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Sunday, June 9

Sunday Writing Tip: Are You Using Enough Sensory Details in Your Descriptions?

By Janice Hardy, @Janice_Hardy

Each week, I’ll offer a tip you can take and apply to your WIP to help improve it. They’ll be easy to do and shouldn’t take long, so they’ll be tips you can do without taking up your Sunday. Though I do reserve the right to offer a good tip now and then that will take longer—but only because it would apply to the entire manuscript.

This week, check how many senses you're using when you describe things in a scene.


It's easy to remember sight and sound, since characters look at and listen to the world around them. But what about smell? Touch? Taste? You can flesh out a setting by adding sensory details. While not every description will need to use all five senses, catching a whiff of a scent instead of seeing what's causing the smell can be more powerful. Smell also triggers memories, so it's a great tool for when a character needs to remember something.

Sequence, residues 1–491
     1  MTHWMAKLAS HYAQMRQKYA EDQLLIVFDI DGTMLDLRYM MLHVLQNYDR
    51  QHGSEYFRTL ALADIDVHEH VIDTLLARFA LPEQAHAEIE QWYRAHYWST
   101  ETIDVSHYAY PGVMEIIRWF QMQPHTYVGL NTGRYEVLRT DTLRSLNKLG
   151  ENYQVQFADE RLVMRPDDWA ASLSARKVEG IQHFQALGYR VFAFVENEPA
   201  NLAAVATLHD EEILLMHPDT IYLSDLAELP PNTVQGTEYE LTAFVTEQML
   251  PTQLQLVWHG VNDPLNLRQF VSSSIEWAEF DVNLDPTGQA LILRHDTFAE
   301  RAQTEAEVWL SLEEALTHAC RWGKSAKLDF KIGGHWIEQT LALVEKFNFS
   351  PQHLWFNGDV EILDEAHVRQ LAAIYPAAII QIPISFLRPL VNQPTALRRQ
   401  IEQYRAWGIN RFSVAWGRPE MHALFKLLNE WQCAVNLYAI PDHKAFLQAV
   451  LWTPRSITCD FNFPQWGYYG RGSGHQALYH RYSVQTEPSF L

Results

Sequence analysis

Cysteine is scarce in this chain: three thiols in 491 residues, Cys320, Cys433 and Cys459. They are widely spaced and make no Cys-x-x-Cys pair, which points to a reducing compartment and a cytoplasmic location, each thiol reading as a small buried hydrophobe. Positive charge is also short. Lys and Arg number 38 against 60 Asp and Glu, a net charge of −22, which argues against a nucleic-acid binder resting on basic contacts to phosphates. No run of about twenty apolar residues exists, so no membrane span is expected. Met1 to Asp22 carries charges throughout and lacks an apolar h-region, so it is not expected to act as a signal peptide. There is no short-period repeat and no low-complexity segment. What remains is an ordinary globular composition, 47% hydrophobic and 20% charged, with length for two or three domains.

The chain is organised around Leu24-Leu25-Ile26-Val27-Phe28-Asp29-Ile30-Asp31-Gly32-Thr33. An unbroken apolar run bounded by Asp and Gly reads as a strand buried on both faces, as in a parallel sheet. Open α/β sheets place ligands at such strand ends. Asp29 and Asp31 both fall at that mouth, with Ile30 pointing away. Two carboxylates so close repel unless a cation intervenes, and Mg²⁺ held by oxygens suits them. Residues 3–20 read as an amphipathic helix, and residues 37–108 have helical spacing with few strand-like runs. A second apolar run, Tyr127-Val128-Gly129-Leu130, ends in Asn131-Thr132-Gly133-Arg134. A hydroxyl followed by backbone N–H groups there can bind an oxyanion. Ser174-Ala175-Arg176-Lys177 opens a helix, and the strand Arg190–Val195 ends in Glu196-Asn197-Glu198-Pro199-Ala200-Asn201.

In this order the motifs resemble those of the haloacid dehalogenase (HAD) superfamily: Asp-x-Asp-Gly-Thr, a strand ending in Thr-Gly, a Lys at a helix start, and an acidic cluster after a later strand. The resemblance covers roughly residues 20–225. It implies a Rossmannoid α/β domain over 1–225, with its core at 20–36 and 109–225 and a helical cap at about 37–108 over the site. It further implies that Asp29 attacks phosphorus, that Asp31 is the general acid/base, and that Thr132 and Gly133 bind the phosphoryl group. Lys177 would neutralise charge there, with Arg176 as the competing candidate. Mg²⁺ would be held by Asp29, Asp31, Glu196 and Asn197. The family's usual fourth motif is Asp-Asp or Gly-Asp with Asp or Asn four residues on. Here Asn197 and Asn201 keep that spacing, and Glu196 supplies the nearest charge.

Check out your scenes, especially any setting descriptions. Try to use each of the five senses at least once in your descriptions.

For more on creating stronger descriptions in your novel, try these articles:

4 comments:

  1. Always an important lesson. One thing I like to remember: never think of it as juggling five senses at once.

    The two main senses have different ways of focusing. Sight follows what the character is paying attention to (it's called Point of View, after all), although it can relax and take in general surroundings as well. Hearing takes in everything always, so it may keep you aware of everything noisy that you weren't focused on-- though of course whatever's drawn the eye may well be making the most sound too. Smell works like hearing (you catch whatever's most stinky, all the time), and touch and taste like sight in that you mostly choose to pick up or eat something.

    I hate juggling five of anything. But balancing sight and hearing's patterns, and then mixing in the other sight-type and hearing-type senses along the same lines, can work.

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    Replies
    1. Excellent way of describing that. Thanks!

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